Coordination and Turnout in Large Elections
Mathematical and Computer Modelling, 48 (2008) 1478–1496
19 Pages Posted: 6 Feb 2013
Date Written: May 19, 2008
Competitive elections are frequently decided by which side can generate larger turnout on polling day. When decided on whether to turn out voters are assumed to balance the cost of going to the polls with the prospect of making a difference in the election outcome. We present a stochastic model of turnout where voters receive information about current turnout propensities of the voting populus through opinion polls. Voters then decide on whether to vote or not by maximizing their expected utility based on the (potentially noisy) polling information as well as the costs and benefits of participation. We prove the existence of a unique limiting distribution for the process and show that even in large electorates substantial expected turnout is possible if voting factions are sufficiently similar in size. A key requirement for substantial turnout is that polls never provide precise feedback on the current state of the electorate. The effect of noise, however, is non-monotonic: no noise or too much noise results in vanishing turnout, while moderate noise may result in substantial turnout. Our model also can account for known empirical regularities about turnout identified in the political science literature.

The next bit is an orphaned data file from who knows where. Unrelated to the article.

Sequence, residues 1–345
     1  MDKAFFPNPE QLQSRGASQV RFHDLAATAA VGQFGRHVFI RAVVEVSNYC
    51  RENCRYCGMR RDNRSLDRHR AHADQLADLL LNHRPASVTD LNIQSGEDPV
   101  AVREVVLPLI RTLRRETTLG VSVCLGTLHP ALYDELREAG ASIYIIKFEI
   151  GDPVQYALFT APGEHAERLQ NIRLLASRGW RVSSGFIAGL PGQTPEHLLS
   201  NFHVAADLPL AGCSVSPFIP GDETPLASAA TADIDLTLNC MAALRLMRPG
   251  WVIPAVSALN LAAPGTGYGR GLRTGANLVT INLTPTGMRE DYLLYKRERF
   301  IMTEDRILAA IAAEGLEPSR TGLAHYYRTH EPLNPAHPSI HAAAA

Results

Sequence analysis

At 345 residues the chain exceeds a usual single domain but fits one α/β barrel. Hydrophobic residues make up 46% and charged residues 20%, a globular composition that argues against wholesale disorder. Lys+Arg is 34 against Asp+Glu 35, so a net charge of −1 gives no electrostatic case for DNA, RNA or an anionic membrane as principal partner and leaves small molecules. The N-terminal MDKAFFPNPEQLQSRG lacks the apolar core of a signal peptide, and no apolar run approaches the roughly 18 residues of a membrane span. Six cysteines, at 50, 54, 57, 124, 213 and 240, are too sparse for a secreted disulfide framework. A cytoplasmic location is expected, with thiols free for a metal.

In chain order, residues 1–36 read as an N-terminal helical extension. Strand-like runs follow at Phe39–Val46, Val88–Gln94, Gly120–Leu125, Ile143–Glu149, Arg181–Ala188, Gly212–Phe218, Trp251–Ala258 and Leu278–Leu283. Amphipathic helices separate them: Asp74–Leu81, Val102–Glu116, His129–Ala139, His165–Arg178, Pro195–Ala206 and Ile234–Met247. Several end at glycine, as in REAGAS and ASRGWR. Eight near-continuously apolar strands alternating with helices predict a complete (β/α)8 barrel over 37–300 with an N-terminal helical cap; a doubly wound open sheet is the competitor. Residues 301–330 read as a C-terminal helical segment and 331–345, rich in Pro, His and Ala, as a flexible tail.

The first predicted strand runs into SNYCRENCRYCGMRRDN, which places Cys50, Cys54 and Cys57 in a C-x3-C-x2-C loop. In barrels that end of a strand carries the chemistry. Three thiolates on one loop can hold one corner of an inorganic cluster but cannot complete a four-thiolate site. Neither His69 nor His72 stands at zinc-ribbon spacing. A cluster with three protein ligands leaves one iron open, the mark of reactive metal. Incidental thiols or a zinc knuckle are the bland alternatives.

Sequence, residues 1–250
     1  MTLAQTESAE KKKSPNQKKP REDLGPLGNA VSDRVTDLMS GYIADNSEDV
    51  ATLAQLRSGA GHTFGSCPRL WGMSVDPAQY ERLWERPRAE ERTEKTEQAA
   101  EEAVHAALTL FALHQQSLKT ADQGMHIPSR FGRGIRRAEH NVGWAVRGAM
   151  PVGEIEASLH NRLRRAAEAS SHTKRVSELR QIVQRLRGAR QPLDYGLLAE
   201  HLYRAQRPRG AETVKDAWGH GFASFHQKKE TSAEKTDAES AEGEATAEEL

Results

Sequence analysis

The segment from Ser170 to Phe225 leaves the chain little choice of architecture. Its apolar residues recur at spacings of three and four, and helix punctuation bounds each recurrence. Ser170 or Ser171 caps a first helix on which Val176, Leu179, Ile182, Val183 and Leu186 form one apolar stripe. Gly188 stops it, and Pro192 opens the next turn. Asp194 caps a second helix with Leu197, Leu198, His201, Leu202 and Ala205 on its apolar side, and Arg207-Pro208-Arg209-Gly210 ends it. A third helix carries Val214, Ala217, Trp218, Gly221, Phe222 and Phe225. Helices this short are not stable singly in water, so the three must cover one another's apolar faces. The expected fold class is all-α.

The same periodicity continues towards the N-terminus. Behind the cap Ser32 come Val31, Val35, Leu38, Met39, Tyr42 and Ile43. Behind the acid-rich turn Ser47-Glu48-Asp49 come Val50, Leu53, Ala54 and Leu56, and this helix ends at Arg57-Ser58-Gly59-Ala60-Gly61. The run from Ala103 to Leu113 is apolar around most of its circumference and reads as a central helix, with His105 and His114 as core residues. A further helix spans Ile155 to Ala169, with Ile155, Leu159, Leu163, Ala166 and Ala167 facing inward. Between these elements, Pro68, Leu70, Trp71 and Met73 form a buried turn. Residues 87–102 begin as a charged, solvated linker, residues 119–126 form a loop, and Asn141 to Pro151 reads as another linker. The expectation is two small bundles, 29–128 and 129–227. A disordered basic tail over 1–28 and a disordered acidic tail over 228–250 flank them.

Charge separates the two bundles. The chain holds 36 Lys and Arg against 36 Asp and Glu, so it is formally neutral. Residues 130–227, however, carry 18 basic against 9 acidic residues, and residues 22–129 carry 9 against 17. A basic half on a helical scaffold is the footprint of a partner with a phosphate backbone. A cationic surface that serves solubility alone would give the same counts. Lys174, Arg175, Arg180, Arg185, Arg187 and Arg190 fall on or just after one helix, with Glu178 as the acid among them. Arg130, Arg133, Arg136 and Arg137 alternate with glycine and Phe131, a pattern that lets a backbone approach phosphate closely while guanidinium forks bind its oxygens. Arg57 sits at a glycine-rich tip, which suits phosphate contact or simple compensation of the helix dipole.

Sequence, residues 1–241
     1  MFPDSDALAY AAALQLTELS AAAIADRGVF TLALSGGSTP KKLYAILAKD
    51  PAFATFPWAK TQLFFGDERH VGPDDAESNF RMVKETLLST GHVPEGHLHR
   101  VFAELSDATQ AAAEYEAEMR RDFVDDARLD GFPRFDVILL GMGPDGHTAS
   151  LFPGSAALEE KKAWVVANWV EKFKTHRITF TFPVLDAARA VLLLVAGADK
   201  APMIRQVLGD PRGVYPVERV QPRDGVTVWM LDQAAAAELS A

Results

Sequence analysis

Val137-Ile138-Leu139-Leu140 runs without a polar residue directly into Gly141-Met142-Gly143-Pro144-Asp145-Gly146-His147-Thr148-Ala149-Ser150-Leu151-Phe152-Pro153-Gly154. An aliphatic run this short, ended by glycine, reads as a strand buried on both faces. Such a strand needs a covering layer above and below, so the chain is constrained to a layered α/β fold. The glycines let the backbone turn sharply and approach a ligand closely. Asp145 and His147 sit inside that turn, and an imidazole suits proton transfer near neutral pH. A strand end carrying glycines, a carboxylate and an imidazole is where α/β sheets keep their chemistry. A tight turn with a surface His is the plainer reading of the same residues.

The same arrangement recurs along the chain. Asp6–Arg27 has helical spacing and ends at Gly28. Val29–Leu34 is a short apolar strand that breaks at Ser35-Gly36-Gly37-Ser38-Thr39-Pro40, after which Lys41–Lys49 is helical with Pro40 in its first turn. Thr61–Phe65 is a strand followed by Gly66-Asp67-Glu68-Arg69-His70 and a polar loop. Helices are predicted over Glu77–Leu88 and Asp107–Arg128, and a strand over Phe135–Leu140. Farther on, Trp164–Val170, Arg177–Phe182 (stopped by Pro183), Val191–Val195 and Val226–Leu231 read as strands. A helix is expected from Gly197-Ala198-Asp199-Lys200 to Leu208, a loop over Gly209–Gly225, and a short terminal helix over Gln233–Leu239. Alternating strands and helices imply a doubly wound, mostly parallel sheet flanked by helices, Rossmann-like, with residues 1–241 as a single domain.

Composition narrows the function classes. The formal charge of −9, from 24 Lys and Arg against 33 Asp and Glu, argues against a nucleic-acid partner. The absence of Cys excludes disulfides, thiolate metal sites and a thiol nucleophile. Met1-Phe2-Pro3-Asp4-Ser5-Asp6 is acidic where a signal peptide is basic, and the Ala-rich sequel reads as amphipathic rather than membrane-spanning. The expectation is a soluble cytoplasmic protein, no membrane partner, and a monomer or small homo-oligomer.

Keywords: game theory, behavioral economics, bounded rationality, collective action, learning, on-line polls, Markov processes, voting, elections
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